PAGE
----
The DIY Research Debate

We can likely credit The Home Depot with developing the “do it yourself” (DIY) mentality for home maintenance and repair. DIY can be a good option when the task is not too daunting, and it needs to be done quickly and affordably.

Now jump on over to the still growing DIY trend in marketing research. For this, we can credit a multitude of online survey tools, the emergence and rapid growth of social media, and the easy access to technology that ties it all together. And like the DIY method for home repair, DIY research is an acceptable option when the objectives are simple and uncluttered, and when budgets and time constraints are tight.

There has been much debate over DIY research. Some say it is not “real” research. I say that sometimes it can fall into a gray area, depending on how it is handled and executed, but sometimes gray area research is better than taking a completely blind leap of faith.  And sometimes, not.  For example, online concept testing for a new packaging format, something that is not familiar functionally, can lead you running full speed down the wrong path.  I'm sure many of us can recall at least one item we bought thinking, "Gosh, it looked so great on TV."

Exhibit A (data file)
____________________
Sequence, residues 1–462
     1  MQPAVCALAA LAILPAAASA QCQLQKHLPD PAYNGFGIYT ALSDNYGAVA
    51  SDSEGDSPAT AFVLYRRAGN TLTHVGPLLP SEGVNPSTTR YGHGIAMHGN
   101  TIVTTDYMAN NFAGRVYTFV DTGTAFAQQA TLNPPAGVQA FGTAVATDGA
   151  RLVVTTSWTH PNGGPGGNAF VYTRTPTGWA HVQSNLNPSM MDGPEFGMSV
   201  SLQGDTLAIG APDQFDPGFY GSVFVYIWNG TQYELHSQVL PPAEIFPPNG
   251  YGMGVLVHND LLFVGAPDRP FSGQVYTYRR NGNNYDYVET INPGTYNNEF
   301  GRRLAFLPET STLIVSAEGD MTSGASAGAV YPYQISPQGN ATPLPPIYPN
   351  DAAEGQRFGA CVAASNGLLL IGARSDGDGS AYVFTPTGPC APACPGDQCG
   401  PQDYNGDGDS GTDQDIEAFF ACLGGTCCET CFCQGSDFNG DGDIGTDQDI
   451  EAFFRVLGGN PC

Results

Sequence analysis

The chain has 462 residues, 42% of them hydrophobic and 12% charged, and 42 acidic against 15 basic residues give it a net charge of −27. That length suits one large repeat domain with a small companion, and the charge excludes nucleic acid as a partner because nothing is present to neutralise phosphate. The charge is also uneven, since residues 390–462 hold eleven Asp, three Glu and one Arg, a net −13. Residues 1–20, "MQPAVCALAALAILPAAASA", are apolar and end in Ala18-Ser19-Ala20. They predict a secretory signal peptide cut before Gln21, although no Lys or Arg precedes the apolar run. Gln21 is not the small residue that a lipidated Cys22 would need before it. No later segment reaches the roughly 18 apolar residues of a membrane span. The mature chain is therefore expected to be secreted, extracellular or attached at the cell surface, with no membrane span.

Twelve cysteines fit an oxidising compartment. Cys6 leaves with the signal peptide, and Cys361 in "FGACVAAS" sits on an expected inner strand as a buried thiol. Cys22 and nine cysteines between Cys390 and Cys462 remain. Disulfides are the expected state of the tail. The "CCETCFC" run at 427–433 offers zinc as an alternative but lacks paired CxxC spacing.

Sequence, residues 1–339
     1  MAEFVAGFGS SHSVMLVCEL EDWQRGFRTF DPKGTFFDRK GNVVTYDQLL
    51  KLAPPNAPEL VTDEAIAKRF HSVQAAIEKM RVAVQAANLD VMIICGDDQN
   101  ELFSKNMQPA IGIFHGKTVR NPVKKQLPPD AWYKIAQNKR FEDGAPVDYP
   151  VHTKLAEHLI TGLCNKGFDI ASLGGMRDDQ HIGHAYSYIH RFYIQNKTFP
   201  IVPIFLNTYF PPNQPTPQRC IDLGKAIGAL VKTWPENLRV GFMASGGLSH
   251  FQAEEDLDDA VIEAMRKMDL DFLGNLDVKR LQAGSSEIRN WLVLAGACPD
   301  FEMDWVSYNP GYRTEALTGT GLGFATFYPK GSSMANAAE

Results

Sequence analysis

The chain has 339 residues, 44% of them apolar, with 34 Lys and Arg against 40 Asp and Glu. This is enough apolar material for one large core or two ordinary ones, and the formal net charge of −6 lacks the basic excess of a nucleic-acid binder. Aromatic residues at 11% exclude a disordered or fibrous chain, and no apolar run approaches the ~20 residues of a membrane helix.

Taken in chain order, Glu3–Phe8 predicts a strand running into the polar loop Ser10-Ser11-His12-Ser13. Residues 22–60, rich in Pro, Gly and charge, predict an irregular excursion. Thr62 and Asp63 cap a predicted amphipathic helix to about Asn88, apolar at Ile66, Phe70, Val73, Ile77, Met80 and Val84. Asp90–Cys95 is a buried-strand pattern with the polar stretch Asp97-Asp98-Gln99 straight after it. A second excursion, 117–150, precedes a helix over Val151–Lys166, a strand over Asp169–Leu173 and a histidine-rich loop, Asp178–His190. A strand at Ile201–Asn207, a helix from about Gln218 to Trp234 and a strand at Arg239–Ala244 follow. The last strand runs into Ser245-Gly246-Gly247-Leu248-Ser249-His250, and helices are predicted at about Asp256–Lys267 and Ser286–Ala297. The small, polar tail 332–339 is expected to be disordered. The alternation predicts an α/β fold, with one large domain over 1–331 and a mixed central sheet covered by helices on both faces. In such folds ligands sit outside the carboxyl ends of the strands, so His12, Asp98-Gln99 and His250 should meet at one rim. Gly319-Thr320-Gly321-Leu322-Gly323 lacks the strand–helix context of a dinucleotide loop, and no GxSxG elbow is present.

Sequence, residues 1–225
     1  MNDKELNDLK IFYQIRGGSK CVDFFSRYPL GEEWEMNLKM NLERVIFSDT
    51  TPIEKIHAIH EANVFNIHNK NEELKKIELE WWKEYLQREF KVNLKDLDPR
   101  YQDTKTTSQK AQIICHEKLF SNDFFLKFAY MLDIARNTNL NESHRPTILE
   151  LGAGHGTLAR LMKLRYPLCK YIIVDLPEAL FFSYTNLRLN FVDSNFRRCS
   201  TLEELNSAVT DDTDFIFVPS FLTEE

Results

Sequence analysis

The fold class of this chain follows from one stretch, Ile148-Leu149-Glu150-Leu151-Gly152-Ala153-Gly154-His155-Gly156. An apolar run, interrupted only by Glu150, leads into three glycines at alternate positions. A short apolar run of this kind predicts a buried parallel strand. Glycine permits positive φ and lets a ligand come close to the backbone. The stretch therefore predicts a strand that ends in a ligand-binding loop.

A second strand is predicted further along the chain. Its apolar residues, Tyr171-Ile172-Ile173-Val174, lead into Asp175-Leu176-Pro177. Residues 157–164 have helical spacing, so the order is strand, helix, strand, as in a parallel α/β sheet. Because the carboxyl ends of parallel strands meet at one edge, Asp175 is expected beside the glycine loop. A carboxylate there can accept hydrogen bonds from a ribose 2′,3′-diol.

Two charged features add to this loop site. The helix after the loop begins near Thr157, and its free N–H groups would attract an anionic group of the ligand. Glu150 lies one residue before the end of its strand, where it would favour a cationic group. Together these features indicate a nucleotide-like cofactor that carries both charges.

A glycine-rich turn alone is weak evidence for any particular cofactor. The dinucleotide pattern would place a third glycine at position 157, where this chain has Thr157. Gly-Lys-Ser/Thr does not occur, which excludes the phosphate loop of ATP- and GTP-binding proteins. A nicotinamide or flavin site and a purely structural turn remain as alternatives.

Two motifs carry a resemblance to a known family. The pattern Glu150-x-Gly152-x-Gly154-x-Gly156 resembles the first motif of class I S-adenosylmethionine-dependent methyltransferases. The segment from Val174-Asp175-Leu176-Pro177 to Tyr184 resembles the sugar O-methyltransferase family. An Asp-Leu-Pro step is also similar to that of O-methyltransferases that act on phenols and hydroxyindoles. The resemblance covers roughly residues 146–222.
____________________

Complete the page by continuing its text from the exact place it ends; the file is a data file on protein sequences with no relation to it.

The caveat for DIY research is that just because the tools are available, the task does not have to be taken on alone. It is always best to consult a professional researcher for, at minimum, a review of the questions and methods, screening criteria, and even how to interpret the response. There are many nuances that can come into play. The way a question is worded (in quantitative and qualitative methods) can completely change the meaning or perception. Sometimes responses need to be understood in context – looking for what a person means beyond what was said – and there is the benefit of an objective third-party perspective.

Remember, DIY means “do it yourself” not “do it alone”. It is not an all or nothing proposition. After all, Home Depot has its experts on call for you as well.